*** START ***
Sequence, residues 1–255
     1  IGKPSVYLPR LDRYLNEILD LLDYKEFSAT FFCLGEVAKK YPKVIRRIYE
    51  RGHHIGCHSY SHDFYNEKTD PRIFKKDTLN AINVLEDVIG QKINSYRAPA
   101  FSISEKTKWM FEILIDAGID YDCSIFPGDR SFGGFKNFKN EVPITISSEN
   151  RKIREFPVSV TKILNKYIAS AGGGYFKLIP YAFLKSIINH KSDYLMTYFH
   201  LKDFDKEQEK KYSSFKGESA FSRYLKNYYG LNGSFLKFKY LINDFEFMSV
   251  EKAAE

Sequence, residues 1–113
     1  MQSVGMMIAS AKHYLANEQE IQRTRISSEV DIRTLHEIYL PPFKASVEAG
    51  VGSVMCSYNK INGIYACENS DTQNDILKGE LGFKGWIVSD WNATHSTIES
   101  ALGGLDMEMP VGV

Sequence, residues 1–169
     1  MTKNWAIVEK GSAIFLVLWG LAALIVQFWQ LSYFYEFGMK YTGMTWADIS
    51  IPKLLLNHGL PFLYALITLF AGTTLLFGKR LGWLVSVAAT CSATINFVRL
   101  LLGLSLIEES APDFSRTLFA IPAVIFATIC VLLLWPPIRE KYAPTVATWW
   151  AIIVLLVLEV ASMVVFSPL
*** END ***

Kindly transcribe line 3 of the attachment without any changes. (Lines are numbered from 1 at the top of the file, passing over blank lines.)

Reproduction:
    51  RGHHIGCHSY SHDFYNEKTD PRIFKKDTLN AINVLEDVIG QKINSYRAPA